I forgot to mention that in addition to visiting seven wineries and a cheese maker, the wine tour also included a stop to pick up some fruit. The Okanagan has been cranking out a lot of this fruit stuff for a long time. In fact, the vineyards are the johnny-come-latelies. Most of our crew raved about the peaches, which had come in early due to the unusually early, long and hot summer.
I’m something of an apple man – the fruit more so than the computer – so I was impressed by the apple orchards with trees “trained” to grow into perfect rectangles only as high as a person can reach, and in neat rows to boot. These tactics, developed by the Canadian government’s farm scientists, result in reducing the farmers harvesting costs considerably while increasing output substantially. All this with bits of string, wire, and pruning, producing a mind-boggling wide variety of apples, many of which I had never heard of. Pretty cool. Continue reading 13. Fire Mountain
Things got off to an upbeat start. Matt from Experience Wine Tours picked us at eight-thirty, right on time. The van quickly filled up with ten paying customers in surprising comfort. Matt drove us off towards the Naramata Bench, a fertile hillside that slopes from a clifftop rising from Okanagan Lake, an hour south of Kelowna. Our new companions were a reasonable crew, friendly but not intrusive, interested in wine but neither snobby nor obsessed. These are important attributes for folks with whom I would spend seven hours in a van.
As were headed down the lakeshore Matt gave sparse but informative commentary, a relief since over-talkative tour guides can be most irritating. On the contrary, Matt had us introduce ourselves – something many a second-rate tour guide will neglect to do – and asked almost as many questions as he answered.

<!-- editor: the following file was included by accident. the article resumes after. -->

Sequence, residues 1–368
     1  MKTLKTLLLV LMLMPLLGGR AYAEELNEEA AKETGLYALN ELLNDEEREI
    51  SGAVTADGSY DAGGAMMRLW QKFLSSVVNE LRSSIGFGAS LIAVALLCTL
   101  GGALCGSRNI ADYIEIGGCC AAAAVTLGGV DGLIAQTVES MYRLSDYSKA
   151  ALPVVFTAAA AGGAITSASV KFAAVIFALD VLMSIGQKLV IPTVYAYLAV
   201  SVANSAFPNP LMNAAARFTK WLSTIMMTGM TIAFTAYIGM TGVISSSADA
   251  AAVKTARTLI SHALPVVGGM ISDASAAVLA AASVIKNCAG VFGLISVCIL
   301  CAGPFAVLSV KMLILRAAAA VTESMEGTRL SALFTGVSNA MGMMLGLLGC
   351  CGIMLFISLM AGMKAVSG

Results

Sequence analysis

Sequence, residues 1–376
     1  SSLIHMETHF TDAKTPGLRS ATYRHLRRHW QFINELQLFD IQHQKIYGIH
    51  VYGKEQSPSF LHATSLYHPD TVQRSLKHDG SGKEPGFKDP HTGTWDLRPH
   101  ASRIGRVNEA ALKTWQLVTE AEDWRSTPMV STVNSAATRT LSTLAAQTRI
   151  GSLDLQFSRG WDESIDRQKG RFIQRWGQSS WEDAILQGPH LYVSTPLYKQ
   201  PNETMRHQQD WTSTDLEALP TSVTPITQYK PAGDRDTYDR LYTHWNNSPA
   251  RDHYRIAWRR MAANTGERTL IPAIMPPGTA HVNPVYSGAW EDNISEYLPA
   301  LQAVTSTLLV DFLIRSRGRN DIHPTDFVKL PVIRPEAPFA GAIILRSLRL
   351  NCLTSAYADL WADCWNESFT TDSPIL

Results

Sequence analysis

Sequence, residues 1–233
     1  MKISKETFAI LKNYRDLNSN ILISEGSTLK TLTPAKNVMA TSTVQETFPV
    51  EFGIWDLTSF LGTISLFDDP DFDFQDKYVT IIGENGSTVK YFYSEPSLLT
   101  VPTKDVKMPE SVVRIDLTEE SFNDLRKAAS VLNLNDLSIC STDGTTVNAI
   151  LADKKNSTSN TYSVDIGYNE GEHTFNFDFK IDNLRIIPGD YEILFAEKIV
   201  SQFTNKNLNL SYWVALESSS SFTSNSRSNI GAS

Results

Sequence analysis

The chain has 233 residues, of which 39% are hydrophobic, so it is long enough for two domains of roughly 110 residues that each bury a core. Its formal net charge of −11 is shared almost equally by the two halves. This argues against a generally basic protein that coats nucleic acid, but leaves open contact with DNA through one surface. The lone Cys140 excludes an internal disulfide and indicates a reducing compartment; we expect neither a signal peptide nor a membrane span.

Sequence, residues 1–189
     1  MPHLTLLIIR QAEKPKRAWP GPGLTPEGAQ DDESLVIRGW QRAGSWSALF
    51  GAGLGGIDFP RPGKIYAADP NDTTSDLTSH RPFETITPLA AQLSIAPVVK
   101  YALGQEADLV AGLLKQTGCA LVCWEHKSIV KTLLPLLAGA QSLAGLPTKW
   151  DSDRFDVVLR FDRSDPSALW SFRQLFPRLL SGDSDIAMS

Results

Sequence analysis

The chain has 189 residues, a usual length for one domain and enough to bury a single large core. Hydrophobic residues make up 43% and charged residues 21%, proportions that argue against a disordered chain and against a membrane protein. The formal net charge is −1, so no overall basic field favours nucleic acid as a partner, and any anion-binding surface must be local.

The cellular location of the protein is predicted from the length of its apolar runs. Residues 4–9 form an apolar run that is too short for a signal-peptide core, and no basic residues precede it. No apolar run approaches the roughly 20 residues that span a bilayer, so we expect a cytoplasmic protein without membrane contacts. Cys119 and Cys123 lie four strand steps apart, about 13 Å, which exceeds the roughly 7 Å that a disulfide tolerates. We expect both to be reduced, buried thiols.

A column of smoke marked another wildfire in the forest not far from our destination. For the rest of the day, lake water-skimming tanker planes flew low overhead on their way to pick up and dump huge quantities of water on the blaze, a dangerous business.
Today, though, was all about the wine. I had looked forward to this day more than any other we had planned. To start at the end, I will say I was not disappointed – to the contrary, the tour surpassed my expectations. [For those readers amongst of you who complain that I complain too much, nyaah.]
Continue reading 12. Wine Whine
I enjoy anticipation. As one who depends almost entirely on intuition to guide my life, I am rather good at “regarding a future as probable; expecting or predicting”. Which is not to say that I am ever right about it. On the contrary, I enjoy anticipation because the reality that follows is almost always a disappointment. Nevertheless I find anticipation far preferable to anxiety, which unhelpfully demands the acknowledgement of uncertainty.
In anticipation of stunning views over the Canadian Rockies, I giddily demanded a window seat for the hour-long flight from Calgary to Kelowna. Predictably – although not predicted by me – the Rockies were entirely shrouded in clouds, providing the reality of a rather dull and cramped flight. Continue reading 11. My Kelowna